Alzheimer's disease is characterized by the accumulation of neurotoxic amyloidogenic peptide Aβ, degeneration of the cholinergic innervation to the hippocampus (the septohippocampal pathway), and progressive impairment of cognitive function, particularly memory. Aβ is a ligand for the p75 neurotrophin receptor (p75NTR), which is best known for mediating neuronal death and has been consistently linked to the pathology of Alzheimer's disease. Here we examined whether p75NTR is required for Aβ-mediated effects. Treatment of wild-type but not p75NTR-deficient embryonic mouse hippocampal neurons with human Aβ1–42 peptide induced significant cell death. Furthermore, injection of Aβ1–42 into the hippocampus of adult mice resulted in significant degeneration of wild-type but not p75NTR-deficient cholinergic basal forebrain neurons, indicating that the latter are resistant to Aβ-induced toxicity. We also found that neuronal death correlated with Aβ1–42 peptide-stimulated accumulation of the death-inducing p75NTR C-terminal fragment generated by extracellular metalloprotease cleavage of full-length p75NTR. Although neuronal death was prevented in the presence of the metalloprotease inhibitor TAPI-2 (tumor necrosis factor-α protease inhibitor-2), Aβ1–42-induced accumulation of the C-terminal fragment resulted from inhibition of γ-secretase activity. These results provide a novel mechanism to explain the early and characteristic loss of cholinergic neurons in the septohippocampal pathway that occurs in Alzheimer's disease.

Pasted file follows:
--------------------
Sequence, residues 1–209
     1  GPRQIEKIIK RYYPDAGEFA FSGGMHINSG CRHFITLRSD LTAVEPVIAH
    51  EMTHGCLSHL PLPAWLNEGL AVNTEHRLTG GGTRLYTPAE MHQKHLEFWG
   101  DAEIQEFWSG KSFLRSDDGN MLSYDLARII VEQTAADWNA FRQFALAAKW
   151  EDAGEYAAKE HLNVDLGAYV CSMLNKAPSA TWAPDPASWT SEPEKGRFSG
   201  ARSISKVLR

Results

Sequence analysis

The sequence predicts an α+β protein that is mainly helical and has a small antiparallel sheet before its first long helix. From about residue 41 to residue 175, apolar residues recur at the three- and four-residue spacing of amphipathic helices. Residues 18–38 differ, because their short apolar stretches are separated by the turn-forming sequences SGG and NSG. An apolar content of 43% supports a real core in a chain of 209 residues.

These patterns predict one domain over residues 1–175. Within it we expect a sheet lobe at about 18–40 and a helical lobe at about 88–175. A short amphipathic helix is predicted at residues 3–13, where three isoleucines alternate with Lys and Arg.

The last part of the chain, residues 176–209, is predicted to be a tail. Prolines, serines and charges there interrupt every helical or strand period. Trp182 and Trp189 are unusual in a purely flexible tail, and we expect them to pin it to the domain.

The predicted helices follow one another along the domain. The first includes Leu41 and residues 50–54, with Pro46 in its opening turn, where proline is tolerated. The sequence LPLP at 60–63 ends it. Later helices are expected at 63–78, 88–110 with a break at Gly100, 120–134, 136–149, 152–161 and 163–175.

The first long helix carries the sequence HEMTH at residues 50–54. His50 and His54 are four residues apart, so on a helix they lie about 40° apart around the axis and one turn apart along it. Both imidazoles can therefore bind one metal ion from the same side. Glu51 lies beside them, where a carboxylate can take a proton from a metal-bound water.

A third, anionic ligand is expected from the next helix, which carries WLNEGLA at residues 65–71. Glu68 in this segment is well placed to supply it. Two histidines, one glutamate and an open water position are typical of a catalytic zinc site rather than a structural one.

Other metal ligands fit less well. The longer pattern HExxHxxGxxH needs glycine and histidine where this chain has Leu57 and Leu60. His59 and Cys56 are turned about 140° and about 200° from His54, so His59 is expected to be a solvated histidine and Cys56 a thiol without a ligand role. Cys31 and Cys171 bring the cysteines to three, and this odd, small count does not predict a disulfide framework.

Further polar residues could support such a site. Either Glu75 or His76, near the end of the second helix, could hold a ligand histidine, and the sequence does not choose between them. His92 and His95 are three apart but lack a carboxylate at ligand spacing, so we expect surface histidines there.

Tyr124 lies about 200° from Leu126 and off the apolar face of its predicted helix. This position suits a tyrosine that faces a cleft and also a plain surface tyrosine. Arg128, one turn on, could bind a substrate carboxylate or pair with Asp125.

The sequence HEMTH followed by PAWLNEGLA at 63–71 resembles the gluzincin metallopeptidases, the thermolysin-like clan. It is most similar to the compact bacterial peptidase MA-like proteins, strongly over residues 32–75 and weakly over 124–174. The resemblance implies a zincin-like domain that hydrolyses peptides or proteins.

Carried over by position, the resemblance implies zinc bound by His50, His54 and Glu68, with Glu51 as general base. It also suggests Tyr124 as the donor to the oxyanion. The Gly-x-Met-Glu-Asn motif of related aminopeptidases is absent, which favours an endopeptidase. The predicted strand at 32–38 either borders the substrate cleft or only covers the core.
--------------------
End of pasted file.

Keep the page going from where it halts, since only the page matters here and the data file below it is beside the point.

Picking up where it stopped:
- Alzheimer's disease
- basal forebrain
- cholinergic neurons
- regulated intramembrane proteolysis (RIP)
Alzheimer's disease is a neurodegenerative disorder characterized by senile plaque pathology, neurofibrillary tangles, and neuronal death, with resultant impairment of memory and cognitive function. Amyloid β protein (Aβ), the major component of senile plaques, is a 39–43 aa peptide produced by cleavage of the amyloid protein precursor. According to the “amyloid hypothesis,” accumulation of soluble Aβ in the brain is the primary cause of the pathogenesis of Alzheimer's disease (Hardy and Selkoe, 2002), but with Aβ oligomers rather than amyloid deposits being the cause of the neurotoxicity associated with this condition (Dahlgren et al., 2002; Klein et al., 2004; Gandy, 2005).